Table 1: Reduced Carryforwards For FY 09

Agency

For

Previous Appropri-ation

The Act

Reduction

3 (a)

Public Works

Upgrades to 61 Woodland Street

$1,000,000

0

$1,000,000

3 (a) & 25

Economic and Community Development

Biofuels production grants

3,650,000

$2,600,000

1,050,000

3 (a) & (g)

Education

School safety

3,000,000

2,000,000

1,000,000

4 — REDUCED FY 09 GENERAL FUND APPROPRIATIONS

The act reduces FY 09 General Fund appropriations for specified agencies and purposes by a total of $4,455,446 as shown in Table 2.

Table 2: Reduced FY 09 Appropriations

Agency

For

Reduction

Legislative Management

Other expenses

$225,000

Minor capital improvements

225,000

Auditors of Public Accounts

Personal services

1,000,000

Other expenses

39,050

Equipment

5,000

Elections Enforcement Commission

Personal services

50,000

Office of State Ethics

Personal services

150,000

Freedom of Information Commission

Personal services

50,000

Judicial Selection Commission

Personal services

5,000

Office of Policy and Management

Personal services

100,000

Other expenses

25,000

Automated budget system and database link

20,000

Justice assistance grants

100,000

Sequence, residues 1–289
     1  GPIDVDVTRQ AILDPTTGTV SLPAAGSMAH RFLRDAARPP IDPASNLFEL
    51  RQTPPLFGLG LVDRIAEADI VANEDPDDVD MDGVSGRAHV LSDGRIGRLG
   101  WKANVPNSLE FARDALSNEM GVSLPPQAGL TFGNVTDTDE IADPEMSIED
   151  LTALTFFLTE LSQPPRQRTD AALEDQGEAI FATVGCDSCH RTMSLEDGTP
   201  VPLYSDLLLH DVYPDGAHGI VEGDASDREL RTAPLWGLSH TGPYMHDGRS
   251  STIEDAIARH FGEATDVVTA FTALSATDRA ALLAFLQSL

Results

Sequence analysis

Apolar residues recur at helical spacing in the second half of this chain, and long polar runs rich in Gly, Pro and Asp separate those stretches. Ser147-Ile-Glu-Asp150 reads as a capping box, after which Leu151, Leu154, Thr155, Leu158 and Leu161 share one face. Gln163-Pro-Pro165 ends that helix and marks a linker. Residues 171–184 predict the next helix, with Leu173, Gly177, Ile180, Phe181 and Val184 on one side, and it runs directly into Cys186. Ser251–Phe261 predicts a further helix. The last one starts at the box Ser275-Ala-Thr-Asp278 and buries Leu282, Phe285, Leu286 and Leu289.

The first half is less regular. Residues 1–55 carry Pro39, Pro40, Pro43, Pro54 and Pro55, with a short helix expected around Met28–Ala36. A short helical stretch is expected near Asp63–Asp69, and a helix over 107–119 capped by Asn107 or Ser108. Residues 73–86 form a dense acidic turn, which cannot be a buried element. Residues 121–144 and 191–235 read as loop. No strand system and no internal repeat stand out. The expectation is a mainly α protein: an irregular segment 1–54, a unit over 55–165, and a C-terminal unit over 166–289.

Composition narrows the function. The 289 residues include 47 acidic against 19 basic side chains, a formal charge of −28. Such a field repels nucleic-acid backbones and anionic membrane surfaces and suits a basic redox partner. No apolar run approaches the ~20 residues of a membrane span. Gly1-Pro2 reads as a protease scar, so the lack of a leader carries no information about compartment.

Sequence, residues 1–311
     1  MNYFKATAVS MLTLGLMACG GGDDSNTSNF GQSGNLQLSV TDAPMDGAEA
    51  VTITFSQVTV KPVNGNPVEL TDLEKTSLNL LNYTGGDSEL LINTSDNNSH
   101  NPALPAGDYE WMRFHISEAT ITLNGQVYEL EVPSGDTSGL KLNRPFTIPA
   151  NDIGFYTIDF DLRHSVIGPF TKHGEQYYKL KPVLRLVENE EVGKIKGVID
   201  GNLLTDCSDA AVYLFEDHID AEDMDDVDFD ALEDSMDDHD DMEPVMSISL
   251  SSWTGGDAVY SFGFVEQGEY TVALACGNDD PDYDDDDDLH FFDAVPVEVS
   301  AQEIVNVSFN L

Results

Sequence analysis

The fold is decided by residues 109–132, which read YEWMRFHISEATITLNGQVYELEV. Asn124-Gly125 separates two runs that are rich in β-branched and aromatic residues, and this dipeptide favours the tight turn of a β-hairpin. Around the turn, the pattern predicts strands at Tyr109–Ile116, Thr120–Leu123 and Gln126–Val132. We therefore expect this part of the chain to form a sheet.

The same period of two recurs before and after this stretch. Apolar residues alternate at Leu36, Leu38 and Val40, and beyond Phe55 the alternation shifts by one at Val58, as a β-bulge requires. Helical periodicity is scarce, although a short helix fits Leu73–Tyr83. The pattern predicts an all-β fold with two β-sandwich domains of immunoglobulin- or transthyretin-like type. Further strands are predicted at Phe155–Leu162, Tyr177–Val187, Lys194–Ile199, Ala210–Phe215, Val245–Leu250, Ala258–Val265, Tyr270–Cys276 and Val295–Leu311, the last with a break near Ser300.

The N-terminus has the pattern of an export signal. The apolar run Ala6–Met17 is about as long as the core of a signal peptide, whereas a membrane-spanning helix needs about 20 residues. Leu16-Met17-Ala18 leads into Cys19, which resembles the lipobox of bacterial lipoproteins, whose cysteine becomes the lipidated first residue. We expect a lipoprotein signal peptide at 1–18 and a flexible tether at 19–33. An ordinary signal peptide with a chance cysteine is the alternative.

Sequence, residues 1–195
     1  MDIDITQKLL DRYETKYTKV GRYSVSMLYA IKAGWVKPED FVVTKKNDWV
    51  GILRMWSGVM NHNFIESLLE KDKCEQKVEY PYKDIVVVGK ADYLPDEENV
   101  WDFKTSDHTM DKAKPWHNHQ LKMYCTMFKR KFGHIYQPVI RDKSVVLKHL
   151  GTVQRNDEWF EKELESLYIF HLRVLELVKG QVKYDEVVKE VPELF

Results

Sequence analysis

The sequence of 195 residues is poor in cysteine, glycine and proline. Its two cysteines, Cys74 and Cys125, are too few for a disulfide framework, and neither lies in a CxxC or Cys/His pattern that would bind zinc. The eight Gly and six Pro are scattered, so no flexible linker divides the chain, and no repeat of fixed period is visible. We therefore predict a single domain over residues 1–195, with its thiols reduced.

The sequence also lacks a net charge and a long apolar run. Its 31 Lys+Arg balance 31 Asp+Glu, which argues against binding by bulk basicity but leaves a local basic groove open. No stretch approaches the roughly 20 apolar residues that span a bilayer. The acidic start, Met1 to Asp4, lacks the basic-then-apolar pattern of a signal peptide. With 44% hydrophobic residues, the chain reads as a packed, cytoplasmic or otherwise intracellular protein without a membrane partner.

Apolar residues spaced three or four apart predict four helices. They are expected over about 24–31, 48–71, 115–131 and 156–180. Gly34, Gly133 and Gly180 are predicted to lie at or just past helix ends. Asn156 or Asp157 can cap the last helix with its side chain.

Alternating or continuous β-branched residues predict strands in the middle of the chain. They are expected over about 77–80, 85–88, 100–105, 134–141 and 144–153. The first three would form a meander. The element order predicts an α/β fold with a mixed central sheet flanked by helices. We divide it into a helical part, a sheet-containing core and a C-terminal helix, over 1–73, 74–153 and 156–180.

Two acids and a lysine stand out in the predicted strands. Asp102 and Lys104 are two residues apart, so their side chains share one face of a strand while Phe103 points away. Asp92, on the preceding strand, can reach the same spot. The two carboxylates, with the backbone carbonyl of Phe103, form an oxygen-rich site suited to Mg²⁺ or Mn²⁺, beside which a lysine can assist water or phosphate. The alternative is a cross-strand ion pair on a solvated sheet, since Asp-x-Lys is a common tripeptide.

Distressed municipalities

491,000

State Marshal Commission

Other expenses

15,000

Emergency Management and Homeland Security

Personal services

75,000

Aging

Personal services

314,212

Other expenses

115,234

Equipment

950

Judicial

Personal services

700,000

Youthful offender services

750,000

5-14, 17-21, & 24 — TRANSFERS TO FY 09 GENERAL FUND REVENUE

For FY 09, the act transfers money from various special funds and accounts to the General Fund and bars certain General Fund transfers to special funds as shown in Table 3 below.

Table 3: Transfers From Special Funds And Accounts To The General Fund

Fund or Account

Amount

5

Citizens' Election Fund

$7,500,000

6

Tobacco and Health Trust Fund

6,000,000

7

Biomedical Research Trust Fund

3,000,000

8

Fuel Oil Conservation Account (see below)

Up to 10,000,000

9

Pretrial Alcohol and Drug Account

2,000,000

10

Underground Storage Tank Petroleum Clean-Up Account (see below)

3,000,000

11

Emergency Spill Response Account

3,000,000

12

Emissions Enterprise Fund

1,000,000

13

Mashantucket Pequot and Mohegan Fund

150,000

14

Energy Unit and Load Management Account

1,000,000

17

Banking Fund (excluding assessments)

15,000,000

18

Workers' Compensation Administration Fund

4,000,000